Faerie Festivals for Fine Folks #5: Sunday Sermon
Welcome to "The Gods Are Bored," your daily dose of downsized deities! We reject the One God and Only One God model, mainly because that god's praise and worship teams don't have a big, broad, flexible outlook.
Today we ask the question: Is it possible to find religion at a Faerie Festival?
Let's say you don't attend church, but you're interested in spiritual matters. You wander into a Faerie Festival to have a good time.
Most Faerie Festivals don't serve alcohol. This is a good thing. If you can be wild while sober, you rock. But this is an important point, because the sobriety lends a level of seriousness to the proceedings, if you want it to.
Take the Faerie Festival at Spoutwood Farm, Glen Rock PA, held every year on the weekend closest to May Day. This festival always includes at least one Celtic band. You can almost count on the lead singer having an Avalon accent. And these bands bring with them what I'll call That Old-Time Religion.
At last week's Faerie Festival, the band announced that it would soon be crowning the May Queen.
"Hey," I thought. "That's me! I'd better get over there!"
But of course I was the May Queen of LlynHydd Grove, not of Spoutwood Faerie Festival. Nevertheless, my surly tween daughter The Spare and I walked over to see the crowning of their queen.
What transpired was a druidic ceremony in which a crowd of at least 200 people paid homage to the Great Spirits of the Four Corners: Fire, Air, Water, and Earth. Just as in the service at LlynHydd Grove, this large group of people faced to each compass point and saluted that spirit. (Queen Brighid was the only one named, but Anne is sure the others weren't offended.) Each of the four tribes brought their ceremonial items to the stage as the prayers were completed.
For Anne this was a very special spiritual moment, despite the moody tween telling Anne not to be embarrassing.
Then the band led the crowd in a rowdy, ribald song, perfectly suitable for the revelry of May Day. (At LlynHydd Grove we sang "Here We Go Gathering Nuts in May," and we weren't referring to goober peas or lunatics, if you get my drift.)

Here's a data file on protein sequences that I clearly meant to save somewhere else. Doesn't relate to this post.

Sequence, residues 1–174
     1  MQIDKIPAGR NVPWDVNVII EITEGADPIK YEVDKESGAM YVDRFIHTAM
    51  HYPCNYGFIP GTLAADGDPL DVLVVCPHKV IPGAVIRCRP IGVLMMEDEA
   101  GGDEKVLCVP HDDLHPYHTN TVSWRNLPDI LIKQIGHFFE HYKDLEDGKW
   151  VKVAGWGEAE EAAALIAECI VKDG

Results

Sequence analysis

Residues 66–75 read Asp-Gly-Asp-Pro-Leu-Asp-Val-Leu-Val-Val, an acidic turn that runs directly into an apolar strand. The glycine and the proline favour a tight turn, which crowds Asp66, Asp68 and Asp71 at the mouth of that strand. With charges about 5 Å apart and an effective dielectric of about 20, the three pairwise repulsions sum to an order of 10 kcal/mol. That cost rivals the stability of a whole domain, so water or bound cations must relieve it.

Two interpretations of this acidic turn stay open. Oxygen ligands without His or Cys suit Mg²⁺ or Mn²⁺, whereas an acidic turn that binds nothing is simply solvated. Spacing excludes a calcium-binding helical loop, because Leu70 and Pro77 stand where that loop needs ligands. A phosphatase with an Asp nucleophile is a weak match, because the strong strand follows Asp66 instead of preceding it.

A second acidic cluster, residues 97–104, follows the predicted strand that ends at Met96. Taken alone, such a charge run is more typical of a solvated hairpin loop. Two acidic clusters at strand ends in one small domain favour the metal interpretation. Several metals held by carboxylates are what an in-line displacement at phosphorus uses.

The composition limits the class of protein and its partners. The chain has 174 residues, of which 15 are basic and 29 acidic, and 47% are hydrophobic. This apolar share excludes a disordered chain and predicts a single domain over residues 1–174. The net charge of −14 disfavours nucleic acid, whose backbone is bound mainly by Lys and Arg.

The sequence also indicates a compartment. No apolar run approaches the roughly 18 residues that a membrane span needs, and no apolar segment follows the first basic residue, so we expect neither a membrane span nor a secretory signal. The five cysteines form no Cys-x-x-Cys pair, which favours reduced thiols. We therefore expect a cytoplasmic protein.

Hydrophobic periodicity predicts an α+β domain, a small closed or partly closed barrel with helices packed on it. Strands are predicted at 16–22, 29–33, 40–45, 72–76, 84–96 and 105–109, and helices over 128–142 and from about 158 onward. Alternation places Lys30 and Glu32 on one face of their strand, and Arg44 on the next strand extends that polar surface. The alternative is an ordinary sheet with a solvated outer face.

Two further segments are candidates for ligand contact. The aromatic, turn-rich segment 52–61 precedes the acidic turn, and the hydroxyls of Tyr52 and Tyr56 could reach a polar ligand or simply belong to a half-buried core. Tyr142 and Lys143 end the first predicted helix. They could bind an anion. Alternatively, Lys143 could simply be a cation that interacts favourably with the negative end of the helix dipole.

The upshot of this is that a Celtic band quietly introduced the tenets of druidry, and its accompanying joyous spirit, to a bunch of folks who probably didn't even know they were participating in a religious ceremony. And some who did know.
As the One God model falls to the fanaticism of murderous zealots, privacy-invading bigots, deep-pocketed Masters of the Universe seeking to undermine public education, and the wretched excesses of pageantry, alternate ways of worship are growing. People are reaching back to the era before One God to find community and spiritual development.
So to answer Anne's question: Yes. It is possible to go to a Faerie Festival and, despite the best efforts of nasty Christian protesters, find a deep well of spirit and contentment.
Our operators are standing by to take your call.
One other note: My gentler readers might want to miss tomorrow's post. Anne needs to rant for the record on a personal matter. This rant will be so virulent that Anne has invited her nastiest companions, Milk and Cheese (Dairy Products Gone Bad). This super-steamed post will not become part of the permanent record of "The Gods Are Bored."
THE MERLIN OF BERKELEY SPRINGS
AREA 14, STAR 14